Dr. Horner-Kwiatek offers workshops, seminars, presentations, and

masterclasses which can be tailored according to need.

  • Vocal Pedagogy for Composers

  • Ensemble Technique: Developing Listening and Awareness

  • Masterclasses in early and new music

  • Singing Hildegard: From the Page to the Stage

 

VOCAL PEDAGOGY FOR COMPOSERS

This seminar is designed to both introduce the topic of vocal pedagogy to student composers and to refresh and enhance the knowledge of those who already have some familiarity with the topic. This leads to an examination of the challenges of writing for the voice, and how to apply the basics of vocal process and function to achieve the desired vocal sound and effect. Ideally this would lead to a class project in which singers and composers collaborate on new pieces, to be performed at the end of the semester.

 

This seminar includes:

 

  • An introduction to the basics of vocal pedagogy, including breath support, phonation, resonance, formation of vowels and consonants and projection (including the Singer’s Formant.) What can the voice do and what can’t it do, compared with instruments? Discuss both the limitations and the possibilities.

 

  • An examination of this information in the context of vocal composition, addressing challenges such as:

  1. Vocal fach

  2. Range versus tessitura

  3. Vowel modification

  4. Timbres

  5. Styles

  6. Use of Extended Vocal Techniques

  7. Notation

  8. Text setting/clarity and audibility

 

  • A discussion of the challenges singers face learning and performing new work, including getting and keeping pitch if they don’t have perfect pitch, having to have the text be clearly audible given challenges of forces and range, using examples from the repertoire and in-class demonstrations.How can the composer help the singer while not compromising on his/her artistic vision?

 

Anecdotes will be shared to illustrate many of these topics

ENSEMBLE TECHNIQUE WORKSHOP: DEVELOPING LISTENING AND AWARENESS

 

This workshop aims to help reinforce the work of the choral director by highlighting and developing the skills necessary for good ensemble singing. This includes:

 

  • strengthening and building relationships between the members of the ensemble

  • Establishing the leadership of the conductor

  • Developing a collaborative relationship between conductor and singers

  • Developing communication and collaborative skills, including listening and awareness of others.

 

These goals for choral ensembles can be achieved employing tactics and workshop activities more commonly found in the corporate world. This workshop will illustrate the effectiveness of adapting the corporate strategies of team building to help serve the needs of the ensemble director in building a choir’s blend, accuracy, and “unity of intent.”  Strategies demonstrated will include:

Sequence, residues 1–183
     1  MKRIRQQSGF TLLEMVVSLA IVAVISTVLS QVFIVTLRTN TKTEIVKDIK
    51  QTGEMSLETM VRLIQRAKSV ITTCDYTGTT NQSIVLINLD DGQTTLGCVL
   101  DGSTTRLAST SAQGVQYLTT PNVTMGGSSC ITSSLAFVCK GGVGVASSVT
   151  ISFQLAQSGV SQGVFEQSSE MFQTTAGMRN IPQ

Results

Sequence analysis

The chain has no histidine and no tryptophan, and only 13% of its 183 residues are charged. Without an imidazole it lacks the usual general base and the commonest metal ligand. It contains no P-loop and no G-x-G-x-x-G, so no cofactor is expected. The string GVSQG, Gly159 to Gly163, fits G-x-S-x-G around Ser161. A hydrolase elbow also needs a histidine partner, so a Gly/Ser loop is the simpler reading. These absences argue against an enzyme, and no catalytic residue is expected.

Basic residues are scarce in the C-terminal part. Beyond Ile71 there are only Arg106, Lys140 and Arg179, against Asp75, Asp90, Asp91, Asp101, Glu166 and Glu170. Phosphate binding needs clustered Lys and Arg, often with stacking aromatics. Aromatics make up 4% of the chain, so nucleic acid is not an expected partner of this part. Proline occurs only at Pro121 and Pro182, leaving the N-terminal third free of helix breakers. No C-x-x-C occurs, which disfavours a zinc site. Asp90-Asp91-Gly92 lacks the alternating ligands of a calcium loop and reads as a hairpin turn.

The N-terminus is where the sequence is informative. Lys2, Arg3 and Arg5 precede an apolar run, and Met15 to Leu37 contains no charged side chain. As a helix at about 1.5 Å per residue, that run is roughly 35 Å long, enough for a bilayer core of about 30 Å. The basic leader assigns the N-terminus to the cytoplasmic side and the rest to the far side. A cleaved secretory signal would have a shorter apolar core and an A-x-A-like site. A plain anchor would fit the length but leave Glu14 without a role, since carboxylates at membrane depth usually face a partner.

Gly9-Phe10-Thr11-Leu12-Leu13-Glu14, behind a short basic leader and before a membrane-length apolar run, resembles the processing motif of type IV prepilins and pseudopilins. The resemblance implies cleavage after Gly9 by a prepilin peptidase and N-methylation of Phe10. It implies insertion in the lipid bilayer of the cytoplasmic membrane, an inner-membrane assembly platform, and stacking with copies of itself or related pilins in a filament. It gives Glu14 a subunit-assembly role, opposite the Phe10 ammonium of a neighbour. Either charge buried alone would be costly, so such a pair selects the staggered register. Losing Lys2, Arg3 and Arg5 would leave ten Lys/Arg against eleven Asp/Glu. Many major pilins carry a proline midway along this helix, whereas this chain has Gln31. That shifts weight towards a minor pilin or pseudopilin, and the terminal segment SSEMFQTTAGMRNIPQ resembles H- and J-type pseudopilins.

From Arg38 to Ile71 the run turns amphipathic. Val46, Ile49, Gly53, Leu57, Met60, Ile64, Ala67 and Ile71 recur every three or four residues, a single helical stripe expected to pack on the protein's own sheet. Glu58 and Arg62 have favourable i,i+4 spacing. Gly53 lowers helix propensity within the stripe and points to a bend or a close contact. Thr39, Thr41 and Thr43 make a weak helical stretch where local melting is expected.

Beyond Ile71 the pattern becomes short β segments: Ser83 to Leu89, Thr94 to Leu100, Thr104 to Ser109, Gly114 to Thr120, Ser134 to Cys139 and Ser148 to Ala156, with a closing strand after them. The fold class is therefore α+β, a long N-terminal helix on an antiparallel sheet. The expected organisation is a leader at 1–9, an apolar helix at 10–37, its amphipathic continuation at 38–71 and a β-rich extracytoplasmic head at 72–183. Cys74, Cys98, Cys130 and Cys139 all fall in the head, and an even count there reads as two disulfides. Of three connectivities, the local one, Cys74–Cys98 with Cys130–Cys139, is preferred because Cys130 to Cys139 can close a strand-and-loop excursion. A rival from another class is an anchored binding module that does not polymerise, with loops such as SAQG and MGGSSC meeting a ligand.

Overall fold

• Games that involve combining rhythm and speech, to develop co-ordination, awareness, and group identity.

  • Small group work, each group given the task to work on and create a specific part of a larger entity, such as a machine or an animal. Helps build the teamwork and collaboration needed in the SATB sections of a choir.

  • Developing both group and individual interpretive skills, including the use of different emotional states and/or colors to initiate the exploration of different sounds and vocal styles.

  • Team leading strategies, including exploration of different methods of communication and collaboration within the group.

MASTERCLASS

A two or three-hour masterclass is offered for singers interested in exploring the performance and interpretation of early and/or new music.  Students can choose to bring pieces written before 1750 and/or from the 20th and 21st centuries.

 

The class will consist of:

 

 

A short talk, approximately 30 minutes, on the challenges of performance practice in singing early and/or new music, depending on the focus of the masterclass. Topics may include:

 

  • A discussion of the sources available to the performer and educator interested in finding out how this music might have been sung, including composer’s notes found in new music scores

  • An examination of the conflicting opinions and often confusing information on this subject: is there ever a “right” way to interpret?

  • Historicist or Presentist? Do we try to recreate the past or bring the past into the present?

 

This will be followed by a masterclass: the number of singers will be dependent on the length of the masterclass, TBD.

 

A list of the music chosen should be sent two weeks in advance.

 

Attention given to:

 

  • Breathing and phrasing: e.g. what to do when Bach treats the voice like an instrument: how to make breathing an integral part of the phrase.

  • Compositional difficulties: how to tackle rhythmic complexity, non-conventional vocal lines, extremes of range etc.

  • Style and interpretation: what did the composer intend?What do we mean by an “authentic” approach?

  • Communication of text: working with unconventional text choices; issues of vowel modification and diction; exploring ways to “get inside” the text.

  • Pedagogical issues: how to approach difficult passages while maintaining healthy vocal technique

SINGING HILDEGARD: FROM THE PAGE TO THE STAGE is a lecture/performance that, via Hildegard, focuses on the challenges of finding and performing medieval music. We will look at the manuscripts, examine Hildegard’s compositional style, and discuss differing ways of interpreting the notation, comparing different transcriptions of several of her chants including Caritas Habundat and O Viridissima Virga.

 

 Dr. Horner-Kwiatek will give performances of the chants under discussion to show the different approaches and results thereof. The presentation also deals with the challenges of programing Hildegard in a modern concert setting.

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